To: &SSO Leaders; Composto Philip; Conyers Donald; Cortazzo Luz; Costantino Karina; D’Auria Richard (District 21); Druck Lillian ; Esposito Dolores; Ferrara Marianne; Hurdle Taylor Rhonda; Kay Diane; Lloyd-Bey Michele; Machen James; Madera Martha; Menendez Sonia; Murray Lenon; Phillips Daniella; Powis Catherine M; Quail James; Reed Jeannette; Reeves Gale; Rigney Daria; Rodriguez Myrna; Rokeach Dov; Salavert Roser; Santiago Evelyn; Saunders Anita; Schultz Margaret; Stuart Rosemary; Torres Yolanda; Weinstein Martin; White Elizabeth; Wilkins Beverly; Cumberbatch Ainslie; Dibartolomeo Joel ; DiMola Isabel (02M580); Gorman Elaine; Laboy Bonnie ; Papaliberios Elena; Pena Francesca (; Penzell Alexis; Unger Doris; Waite Linda
Cc: McIntosh Amy
Subject: Message regarding Leadership Academy graduates

Dear SSO Leaders and Superintendents,

We have 38 of this year’s Leadership Academy graduates who have not yet been hired for school leadership positions. As you know, the Chancellor has asked that we give them priority consideration when appointing principals or naming IAs.

Leadership Academy graduates bring many skills to the table. They have spent the past year in an intensive residency program, (some in your own network or district), shadowing some of our most successful principals, and these mentor principals speak highly of their leadership skills. The residency model has given them valuable hands-on experiences on what it takes to lead a high-needs school in NYC, and they are deeply familiar with our newest accountability tools and with the inquiry process that has so much potential to improve student learning through adult collaboration.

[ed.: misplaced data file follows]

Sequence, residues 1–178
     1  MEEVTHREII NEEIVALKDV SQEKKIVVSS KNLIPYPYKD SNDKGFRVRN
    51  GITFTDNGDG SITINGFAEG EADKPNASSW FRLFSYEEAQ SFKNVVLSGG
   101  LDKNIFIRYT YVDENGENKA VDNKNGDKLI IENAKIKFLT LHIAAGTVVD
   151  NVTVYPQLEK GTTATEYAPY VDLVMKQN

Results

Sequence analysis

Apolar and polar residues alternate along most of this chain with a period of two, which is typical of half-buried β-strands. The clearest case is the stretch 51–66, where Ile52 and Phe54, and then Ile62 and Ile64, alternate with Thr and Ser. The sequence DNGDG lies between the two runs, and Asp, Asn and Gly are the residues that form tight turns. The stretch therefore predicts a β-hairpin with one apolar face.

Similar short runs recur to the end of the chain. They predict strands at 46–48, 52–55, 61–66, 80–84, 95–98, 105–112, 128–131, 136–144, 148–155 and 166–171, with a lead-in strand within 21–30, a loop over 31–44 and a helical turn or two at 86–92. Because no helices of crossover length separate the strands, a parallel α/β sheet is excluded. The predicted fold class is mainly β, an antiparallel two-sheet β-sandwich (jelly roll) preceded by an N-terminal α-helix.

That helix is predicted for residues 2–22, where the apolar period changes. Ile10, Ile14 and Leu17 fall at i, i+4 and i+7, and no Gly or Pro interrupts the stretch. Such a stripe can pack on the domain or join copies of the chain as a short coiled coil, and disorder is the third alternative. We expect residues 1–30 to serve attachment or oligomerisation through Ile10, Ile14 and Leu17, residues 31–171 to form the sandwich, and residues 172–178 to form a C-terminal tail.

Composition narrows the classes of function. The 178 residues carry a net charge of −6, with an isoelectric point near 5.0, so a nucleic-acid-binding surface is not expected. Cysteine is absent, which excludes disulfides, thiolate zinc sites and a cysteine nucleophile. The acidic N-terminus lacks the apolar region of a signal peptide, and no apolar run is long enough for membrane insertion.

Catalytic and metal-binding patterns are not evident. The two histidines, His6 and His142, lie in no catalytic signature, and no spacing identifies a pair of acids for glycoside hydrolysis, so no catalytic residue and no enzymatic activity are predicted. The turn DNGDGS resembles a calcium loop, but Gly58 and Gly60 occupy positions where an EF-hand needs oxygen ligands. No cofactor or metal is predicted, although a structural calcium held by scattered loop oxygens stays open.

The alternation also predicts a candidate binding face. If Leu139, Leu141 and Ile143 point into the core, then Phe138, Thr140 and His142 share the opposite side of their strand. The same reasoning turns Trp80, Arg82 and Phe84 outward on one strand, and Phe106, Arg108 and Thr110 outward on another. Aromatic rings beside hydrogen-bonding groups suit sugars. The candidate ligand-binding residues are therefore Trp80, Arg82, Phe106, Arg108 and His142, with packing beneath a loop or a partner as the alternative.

We have heard from some of you that “THIS school needs someone with experience.” Please keep in mind that many of the APPers have experience as assistant principals and all have demonstrated the kinds of personal leadership skills and track record of improving student learning that we need in our schools.

The data show that past APPs as a group have an admirable track record. The most relevant measure of success for Leadership Academy principals is to look at how their schools’ Progress Report grades have changed over time. Comparing principals three or four years into the job, seventy-eight percent of the Leadership Academy-trained principals improved or maintained their school’s Progress Report grade from 2006-07 to 2007-08 compared to 74% for new principals from other pathways with similar tenure. We also know that Leadership Academy principals take on tougher challenges and nevertheless are making greater gains.

If you are reviewing applicants to a C30, please be sure to include some APPs in the Level 1 if any apply. If you are making an IA assignment, APPs should be prioritized unless a school with strong performance has a succession candidate from the school who is already in the principal candidate pool. (No more candidates will be “rushed” this hiring season). If you would like more information about APPs who could be good fits for openings, please contact Carl Giaimo at cgiaimo@schools.nyc.gov or 718-935-5376. SSO Leaders, please forward this information on to your network leaders as well.

It is our job to find an excellent principal for every school, but if we are not actively seeking to place these Leadership Academy graduates, we are ignoring an important talent pool. I expect to see the number of unplaced APPs drop rapidly over the next few weeks.

Eric Nadelstern